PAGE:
Special Delivery

In this industry, looking all ways, always, is a matter of survival.

They’re not your average bikers. They don’t come roaring down the street in packs, polluting the air with loud noise and noxious exhaust gases. Instead of traffic rushing to make way for their passing, these bikers are constantly trying to negotiate their way around vehicles that refuse to share the road with them. They are bike messengers, and every day they perform a necessary service for little pay and no thanks in overpopulated cities that have become congested with stop-and-go traffic. But what attracts people to do this line of work?

According to 16-year veteran bike messenger Kevin Bolger, 37, co-owner of the New York-based bike messenger company Cycle- Hawk Messengers Inc. (www.cyclehawknyc.com), people just have to be born to it. “It’s kind of like an adventurous thing that people want to try out, but at the end of the day it’s not really a great paying job, so it’s hard to see a future in it. Unless you really love it and are really dedicated, it’s not going to be something that you can sustain,” he said, noting the average turnaround for most bike messengers is six months. Bolger estimates the average pay is $250 to $350 per week for rookies and $500 to $700 per week for old pros.

Pedaling Safety
The most basic safety practice taken by most bike messengers is to wear a helmet. In New York and many other states, employers are required by law to provide them, but Bolger said this is often not well enforced. Many riders also choose to wear shin guards and pads.

Messengers usually provide their own bikes. Bolger cautioned the average department store bike won’t cut it for this business, but messengers also shouldn’t go get an overly fancy bike that cannot be repaired on the run. “A lot of messengers use fixed-gear bikes in the city—in New York, anyway—because there’re not a lot of hills and with fixed gears there’s just one speed. You don’t have shifters and all that stuff,” he said. “It’s just a real basic bike. That way, it’s less maintenance and less wear and tear to worry about.”

It’s essential that all messengers carry with them basic supplies and tools, including a pump, a spare tube, a patch kit, a wrench to take off the wheel, a good map, and a cell phone. Proper apparel is a necessity. For example, in winter conditions, messengers should wear extreme winter gear, such as wool socks, gloves, and Gore- Tex fabrics, or they stand little chance of lasting long on the road.

Traffic and weather are the chief on-the-job, ever-present hazards. “The traffic, the trucks, and the buses, they have low visibility, and everyone’s fighting for a space out there,” Bolger said. “If it’s raining out, all the oil slicks turn dangerous. There’re a lot of steel plates and manhole covers that are very slick. There’re pedestrians who aren’t obeying the traffic laws. It’s pretty much a free-for-all.”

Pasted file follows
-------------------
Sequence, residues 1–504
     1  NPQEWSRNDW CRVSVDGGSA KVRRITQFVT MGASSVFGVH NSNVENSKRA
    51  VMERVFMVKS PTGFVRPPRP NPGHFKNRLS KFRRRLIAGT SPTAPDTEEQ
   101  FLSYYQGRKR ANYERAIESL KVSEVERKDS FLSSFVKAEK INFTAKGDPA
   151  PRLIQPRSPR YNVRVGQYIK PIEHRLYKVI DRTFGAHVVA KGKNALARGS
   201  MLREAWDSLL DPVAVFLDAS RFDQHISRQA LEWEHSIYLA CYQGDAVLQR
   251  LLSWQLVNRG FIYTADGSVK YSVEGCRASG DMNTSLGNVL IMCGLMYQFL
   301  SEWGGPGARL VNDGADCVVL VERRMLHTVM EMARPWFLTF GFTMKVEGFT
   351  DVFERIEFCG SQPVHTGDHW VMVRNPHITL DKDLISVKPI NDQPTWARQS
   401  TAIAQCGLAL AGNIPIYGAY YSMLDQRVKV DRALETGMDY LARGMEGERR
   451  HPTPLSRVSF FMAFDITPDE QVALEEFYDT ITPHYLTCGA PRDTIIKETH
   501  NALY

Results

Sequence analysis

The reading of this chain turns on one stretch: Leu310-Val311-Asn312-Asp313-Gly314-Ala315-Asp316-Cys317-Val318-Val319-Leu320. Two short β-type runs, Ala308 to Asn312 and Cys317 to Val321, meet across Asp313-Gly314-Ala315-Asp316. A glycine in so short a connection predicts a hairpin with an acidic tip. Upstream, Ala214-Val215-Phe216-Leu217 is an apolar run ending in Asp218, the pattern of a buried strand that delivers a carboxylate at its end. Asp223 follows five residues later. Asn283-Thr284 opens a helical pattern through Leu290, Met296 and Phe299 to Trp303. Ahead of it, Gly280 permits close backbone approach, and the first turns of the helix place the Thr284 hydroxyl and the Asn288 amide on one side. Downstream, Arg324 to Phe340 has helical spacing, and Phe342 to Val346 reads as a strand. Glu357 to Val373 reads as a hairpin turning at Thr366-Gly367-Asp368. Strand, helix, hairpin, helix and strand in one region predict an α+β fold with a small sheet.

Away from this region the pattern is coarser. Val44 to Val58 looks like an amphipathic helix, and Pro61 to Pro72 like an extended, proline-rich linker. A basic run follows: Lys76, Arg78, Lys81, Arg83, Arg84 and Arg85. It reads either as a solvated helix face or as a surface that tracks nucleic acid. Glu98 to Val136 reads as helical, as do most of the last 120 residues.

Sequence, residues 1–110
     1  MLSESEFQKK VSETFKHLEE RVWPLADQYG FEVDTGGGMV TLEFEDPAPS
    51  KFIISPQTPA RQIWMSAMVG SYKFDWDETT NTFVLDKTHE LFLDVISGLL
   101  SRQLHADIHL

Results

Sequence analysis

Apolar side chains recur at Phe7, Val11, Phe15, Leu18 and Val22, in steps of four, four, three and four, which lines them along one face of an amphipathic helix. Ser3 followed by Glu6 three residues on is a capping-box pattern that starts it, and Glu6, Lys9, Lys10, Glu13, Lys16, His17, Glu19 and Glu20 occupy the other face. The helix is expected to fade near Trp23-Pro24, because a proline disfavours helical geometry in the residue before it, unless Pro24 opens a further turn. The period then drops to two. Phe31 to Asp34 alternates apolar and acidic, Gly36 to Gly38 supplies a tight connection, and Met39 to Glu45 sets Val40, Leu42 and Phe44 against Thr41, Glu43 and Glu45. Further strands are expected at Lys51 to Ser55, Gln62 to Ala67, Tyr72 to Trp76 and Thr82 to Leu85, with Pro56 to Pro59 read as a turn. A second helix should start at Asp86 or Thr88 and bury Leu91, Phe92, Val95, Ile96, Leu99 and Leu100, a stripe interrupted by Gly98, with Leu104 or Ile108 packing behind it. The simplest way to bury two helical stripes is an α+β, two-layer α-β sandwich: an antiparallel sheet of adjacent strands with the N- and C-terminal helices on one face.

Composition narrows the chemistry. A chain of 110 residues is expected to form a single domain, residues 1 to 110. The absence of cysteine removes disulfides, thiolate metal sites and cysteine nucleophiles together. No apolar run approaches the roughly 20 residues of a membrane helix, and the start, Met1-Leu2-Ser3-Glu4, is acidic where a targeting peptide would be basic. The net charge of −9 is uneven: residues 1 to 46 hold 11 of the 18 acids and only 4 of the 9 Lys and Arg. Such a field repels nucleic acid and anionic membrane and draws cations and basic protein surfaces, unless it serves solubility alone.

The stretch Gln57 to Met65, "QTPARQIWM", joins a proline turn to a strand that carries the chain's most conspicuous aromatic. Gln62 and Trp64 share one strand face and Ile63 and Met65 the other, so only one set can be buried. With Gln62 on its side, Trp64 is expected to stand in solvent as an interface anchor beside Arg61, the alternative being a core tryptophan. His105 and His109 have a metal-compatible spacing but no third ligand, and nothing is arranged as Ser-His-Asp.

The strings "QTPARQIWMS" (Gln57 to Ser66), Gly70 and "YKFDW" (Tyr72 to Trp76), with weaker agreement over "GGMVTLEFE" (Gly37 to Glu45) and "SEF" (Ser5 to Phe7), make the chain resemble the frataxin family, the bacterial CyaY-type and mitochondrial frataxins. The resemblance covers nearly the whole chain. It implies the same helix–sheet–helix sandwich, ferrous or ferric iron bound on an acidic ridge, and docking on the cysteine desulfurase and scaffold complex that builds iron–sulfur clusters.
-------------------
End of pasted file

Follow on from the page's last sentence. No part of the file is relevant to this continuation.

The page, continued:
Safety Training
Although some companies use a training video or gradually introduce rookies into the industry with shorter, easier deliveries, Bolger says the skill most necessary to stay safe in this industry is to be alert. “I always tell guys that you’ve got to look all ways, always,” he said. “If you’re paying 100 percent attention, you can avoid a piano falling. But if you’re staring at all the beautiful women, then you’re going to get into trouble.”

Perhaps the biggest hazard in the industry is the lack of health care benefits or insurance. By and large, the industry does not provide coverage for its workers, something that Bolger and his colleagues are trying to change through their work with the New York Bike Messenger Foundation. Established in 2003, this non-profit foundation provides, among other things, emergency funds for messengers injured or killed on the job.

“When riders do get injured, we help them out with a little bit of cash while they’re waiting for workman’s comp,” said Bolger, who serves as NYBMF president. “In the unfortunate incident where guys do die on the job, we reach out to the families and make sure that they can take care of burial services and stuff like that.”

As his young company grows, Bolger plans to take it a step further and eventually provide insurance to his employees. “We’re struggling, but when we survive and get on top of our game, then we’re going to be the best company in the city,” he said. “All the bikers are going to want to work for us because we take care of our crew. Eventually that’s going to change the industry because others are going to see that if they want the good bikers, they’re going to have to take care of them.”

This article originally appeared in the February 2009 issue of Occupational Health & Safety.

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